In this light, within the logic of basic bargaining, it is very likely that the official announcements by the British and Irish governments were, if not triggered, at least precipitated by the Hume-Adams initiative. It is also likely that while strongly denying it, the future moves by the two governments towards a settlement, if there are any, will prove to be closely in line with the Hume-Adams agreement.

Little is known, at least directly, about the contents of the Hume-Adams proposals. They still remain a diplomatic secret, even after Major announced his own "plan" and even among Sinn Fein’s own membership—which, by the way, also means that Sinn Fein does not want to risk embarrassing the British government and prefers to leave the initiative to Major. Some indications have been leaked however by Irish politicians. According to these, a cease fire was offered in exchange for the setting up of all-party talks, involving every organizations in the North and the South, including Sinn Fein and the loyalist groups, whose decisions would be biding on the Irish and British governments—an operation similar to the South African CODESA.

Will the British government and the Unionist politicians agree to such a scheme? As far as the British government is concerned, references to a possible settlement have never been more prominent than today. Patrick Mayhew, the Northern Ireland Secretary keeps repeating that the opening of negotiations involving Sinn Fein could be considered on the basis of an unconditional cease fire. The formulation may sound like a refusal since the nationalists are unlikely to agree to a permanent cease fire without a guarantee that they will get something in exchange. On the other hand the mere public repetition by Mayhew and many other prominent Conservative politicians of such a statement is certainly new coming from ministers; and this could be seen as an implicit offer of a guarantee.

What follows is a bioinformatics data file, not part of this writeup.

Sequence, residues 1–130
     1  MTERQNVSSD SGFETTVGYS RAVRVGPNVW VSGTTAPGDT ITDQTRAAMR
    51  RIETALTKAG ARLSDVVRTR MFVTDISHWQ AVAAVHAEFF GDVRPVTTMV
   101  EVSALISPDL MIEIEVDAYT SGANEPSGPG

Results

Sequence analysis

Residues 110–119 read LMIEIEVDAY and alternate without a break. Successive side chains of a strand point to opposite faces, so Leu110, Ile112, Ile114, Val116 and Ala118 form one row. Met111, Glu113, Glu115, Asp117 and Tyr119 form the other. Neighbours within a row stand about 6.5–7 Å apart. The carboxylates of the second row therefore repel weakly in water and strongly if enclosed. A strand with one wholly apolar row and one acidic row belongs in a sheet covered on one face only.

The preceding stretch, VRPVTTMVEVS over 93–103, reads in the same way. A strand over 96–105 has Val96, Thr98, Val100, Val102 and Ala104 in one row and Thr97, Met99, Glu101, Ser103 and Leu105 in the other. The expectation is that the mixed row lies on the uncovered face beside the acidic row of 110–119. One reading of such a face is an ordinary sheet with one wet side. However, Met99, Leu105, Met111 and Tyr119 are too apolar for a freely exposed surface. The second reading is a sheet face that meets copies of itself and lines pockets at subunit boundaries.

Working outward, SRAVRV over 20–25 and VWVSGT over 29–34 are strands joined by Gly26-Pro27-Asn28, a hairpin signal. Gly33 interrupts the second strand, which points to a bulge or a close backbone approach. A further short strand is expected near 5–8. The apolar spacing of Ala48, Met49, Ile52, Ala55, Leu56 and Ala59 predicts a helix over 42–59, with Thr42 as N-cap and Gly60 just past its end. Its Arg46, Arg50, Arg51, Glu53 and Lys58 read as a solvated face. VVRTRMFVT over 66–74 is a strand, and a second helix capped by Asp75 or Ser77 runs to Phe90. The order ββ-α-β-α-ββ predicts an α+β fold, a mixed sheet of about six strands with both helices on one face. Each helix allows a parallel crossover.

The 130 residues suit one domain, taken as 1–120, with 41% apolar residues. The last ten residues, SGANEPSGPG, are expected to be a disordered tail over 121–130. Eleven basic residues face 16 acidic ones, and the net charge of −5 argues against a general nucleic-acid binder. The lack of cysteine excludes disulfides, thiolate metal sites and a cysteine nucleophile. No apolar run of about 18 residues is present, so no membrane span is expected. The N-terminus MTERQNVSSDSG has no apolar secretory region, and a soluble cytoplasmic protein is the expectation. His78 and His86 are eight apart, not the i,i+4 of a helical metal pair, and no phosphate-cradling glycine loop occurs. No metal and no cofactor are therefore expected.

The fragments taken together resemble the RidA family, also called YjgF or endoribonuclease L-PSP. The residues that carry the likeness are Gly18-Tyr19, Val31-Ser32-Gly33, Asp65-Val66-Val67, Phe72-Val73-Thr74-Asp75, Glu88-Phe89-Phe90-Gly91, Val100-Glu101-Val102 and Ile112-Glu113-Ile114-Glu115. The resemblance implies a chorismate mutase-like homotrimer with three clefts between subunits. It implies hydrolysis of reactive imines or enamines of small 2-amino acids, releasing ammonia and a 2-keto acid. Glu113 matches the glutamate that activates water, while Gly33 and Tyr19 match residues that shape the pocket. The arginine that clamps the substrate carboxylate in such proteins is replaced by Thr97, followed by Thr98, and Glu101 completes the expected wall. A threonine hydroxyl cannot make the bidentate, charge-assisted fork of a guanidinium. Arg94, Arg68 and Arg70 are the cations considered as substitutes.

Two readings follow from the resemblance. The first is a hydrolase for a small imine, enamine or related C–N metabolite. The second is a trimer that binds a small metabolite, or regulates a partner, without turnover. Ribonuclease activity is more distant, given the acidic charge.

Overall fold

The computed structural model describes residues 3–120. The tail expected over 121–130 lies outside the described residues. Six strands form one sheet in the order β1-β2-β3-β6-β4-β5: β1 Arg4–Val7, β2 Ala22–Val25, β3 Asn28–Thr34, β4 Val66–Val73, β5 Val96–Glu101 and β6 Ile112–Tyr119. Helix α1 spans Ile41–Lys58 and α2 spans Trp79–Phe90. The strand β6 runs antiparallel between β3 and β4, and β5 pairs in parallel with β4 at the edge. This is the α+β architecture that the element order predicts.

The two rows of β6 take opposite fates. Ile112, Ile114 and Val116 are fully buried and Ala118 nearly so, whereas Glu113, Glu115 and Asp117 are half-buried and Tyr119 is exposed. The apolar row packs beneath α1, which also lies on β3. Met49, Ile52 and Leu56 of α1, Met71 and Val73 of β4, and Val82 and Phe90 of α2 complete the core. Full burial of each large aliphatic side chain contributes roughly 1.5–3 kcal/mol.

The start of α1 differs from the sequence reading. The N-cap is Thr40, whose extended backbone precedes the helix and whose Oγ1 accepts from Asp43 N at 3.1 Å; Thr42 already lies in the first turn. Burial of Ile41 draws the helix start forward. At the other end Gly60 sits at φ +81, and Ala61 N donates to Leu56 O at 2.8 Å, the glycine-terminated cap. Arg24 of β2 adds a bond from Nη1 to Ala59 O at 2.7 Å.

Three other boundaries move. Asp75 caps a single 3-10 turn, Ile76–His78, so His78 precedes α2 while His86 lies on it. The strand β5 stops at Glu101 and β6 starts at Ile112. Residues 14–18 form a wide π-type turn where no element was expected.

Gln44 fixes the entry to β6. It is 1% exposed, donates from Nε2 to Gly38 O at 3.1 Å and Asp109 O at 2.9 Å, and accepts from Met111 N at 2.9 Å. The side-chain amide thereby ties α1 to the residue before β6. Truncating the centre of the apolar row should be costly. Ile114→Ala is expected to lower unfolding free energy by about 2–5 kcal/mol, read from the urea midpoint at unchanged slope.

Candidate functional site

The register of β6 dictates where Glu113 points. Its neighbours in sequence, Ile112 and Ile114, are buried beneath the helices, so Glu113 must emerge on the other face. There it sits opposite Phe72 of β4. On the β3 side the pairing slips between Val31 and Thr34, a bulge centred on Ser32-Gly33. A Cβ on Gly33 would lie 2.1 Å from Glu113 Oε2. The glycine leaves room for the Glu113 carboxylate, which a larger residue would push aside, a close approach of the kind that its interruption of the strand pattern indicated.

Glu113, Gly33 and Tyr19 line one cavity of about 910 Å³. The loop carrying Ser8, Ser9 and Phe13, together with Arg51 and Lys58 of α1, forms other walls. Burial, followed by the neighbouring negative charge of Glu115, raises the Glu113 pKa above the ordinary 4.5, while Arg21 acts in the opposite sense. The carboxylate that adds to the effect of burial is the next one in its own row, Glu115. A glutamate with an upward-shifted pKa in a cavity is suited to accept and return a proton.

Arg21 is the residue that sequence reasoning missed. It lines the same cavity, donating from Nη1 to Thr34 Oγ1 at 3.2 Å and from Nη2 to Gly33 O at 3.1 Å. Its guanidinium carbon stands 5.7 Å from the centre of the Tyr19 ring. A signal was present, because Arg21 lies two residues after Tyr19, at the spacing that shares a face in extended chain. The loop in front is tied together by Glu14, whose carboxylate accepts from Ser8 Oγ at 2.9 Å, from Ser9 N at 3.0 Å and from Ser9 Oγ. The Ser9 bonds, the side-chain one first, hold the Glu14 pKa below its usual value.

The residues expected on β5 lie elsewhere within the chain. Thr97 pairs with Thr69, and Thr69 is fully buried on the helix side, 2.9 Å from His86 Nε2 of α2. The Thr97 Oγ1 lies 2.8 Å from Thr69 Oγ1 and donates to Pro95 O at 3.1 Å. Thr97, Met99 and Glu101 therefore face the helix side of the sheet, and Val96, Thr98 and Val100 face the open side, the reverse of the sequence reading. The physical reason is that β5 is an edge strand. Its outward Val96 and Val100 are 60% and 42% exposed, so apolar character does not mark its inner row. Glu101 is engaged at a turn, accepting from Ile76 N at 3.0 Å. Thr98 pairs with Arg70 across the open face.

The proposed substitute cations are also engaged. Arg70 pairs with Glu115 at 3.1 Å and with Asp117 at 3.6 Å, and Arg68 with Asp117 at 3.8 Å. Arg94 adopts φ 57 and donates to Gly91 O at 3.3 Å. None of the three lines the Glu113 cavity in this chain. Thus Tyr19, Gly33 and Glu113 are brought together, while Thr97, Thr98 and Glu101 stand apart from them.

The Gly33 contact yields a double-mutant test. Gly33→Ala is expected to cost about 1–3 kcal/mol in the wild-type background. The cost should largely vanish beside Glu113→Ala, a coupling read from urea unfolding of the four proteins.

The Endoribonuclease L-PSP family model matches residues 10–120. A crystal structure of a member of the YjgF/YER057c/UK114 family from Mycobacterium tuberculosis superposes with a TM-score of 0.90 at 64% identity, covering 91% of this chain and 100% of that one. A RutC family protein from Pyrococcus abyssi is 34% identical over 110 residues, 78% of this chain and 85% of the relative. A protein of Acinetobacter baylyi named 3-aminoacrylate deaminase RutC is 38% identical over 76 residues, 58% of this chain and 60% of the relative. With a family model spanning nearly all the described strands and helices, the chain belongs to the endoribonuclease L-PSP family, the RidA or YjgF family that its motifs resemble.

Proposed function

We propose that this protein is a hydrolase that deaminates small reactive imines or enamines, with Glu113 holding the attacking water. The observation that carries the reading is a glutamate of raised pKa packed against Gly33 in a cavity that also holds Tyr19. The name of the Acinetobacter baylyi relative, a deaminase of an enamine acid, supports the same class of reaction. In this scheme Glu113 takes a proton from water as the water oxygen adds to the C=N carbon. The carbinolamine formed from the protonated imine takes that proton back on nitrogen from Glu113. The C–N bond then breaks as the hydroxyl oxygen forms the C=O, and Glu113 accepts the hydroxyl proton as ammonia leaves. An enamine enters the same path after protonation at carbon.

As to the Unionist parties, they have already indicated in various circumstances that they were not opposed to sitting at a negotiating table with Sinn Fein. Martin Smyths, one of the UUP’s leader, did so at his party conference in September. As to the DUP, it has kept silent on this issue so far. But given the close relationship between the DUP and the UDA, it is unlikely that the UDA comes out publicly in favor of a negotiation involving Sinn Fein without at least a significant fraction of the DUP sharing the same position.

Beyond the subtleties of the politicians’ formulations, the possibility of a cease fire and a stepping up of the negotiating process is not to be dismissed. How soon is another question.

The Irish Proletariat and the Negotiating Process

The worst thing for the population of Northern Ireland is that it is not necessarily in the interest of the various protagonists to speed up the process. The atmosphere of terror which has developed over the past few weeks in the poor districts, both Catholic and Protestant, may serve the purposes of politicians by demoralizing and demobilizing the working class areas. After all it was the uprising of the poorest layers, from 1968 onwards, which led the British government to drown the threat of social unrest under massive state subsidies. Today, if the British state ends up inviting the nationalists to the negotiating table, it will still be out of fear of a possible working-class backlash.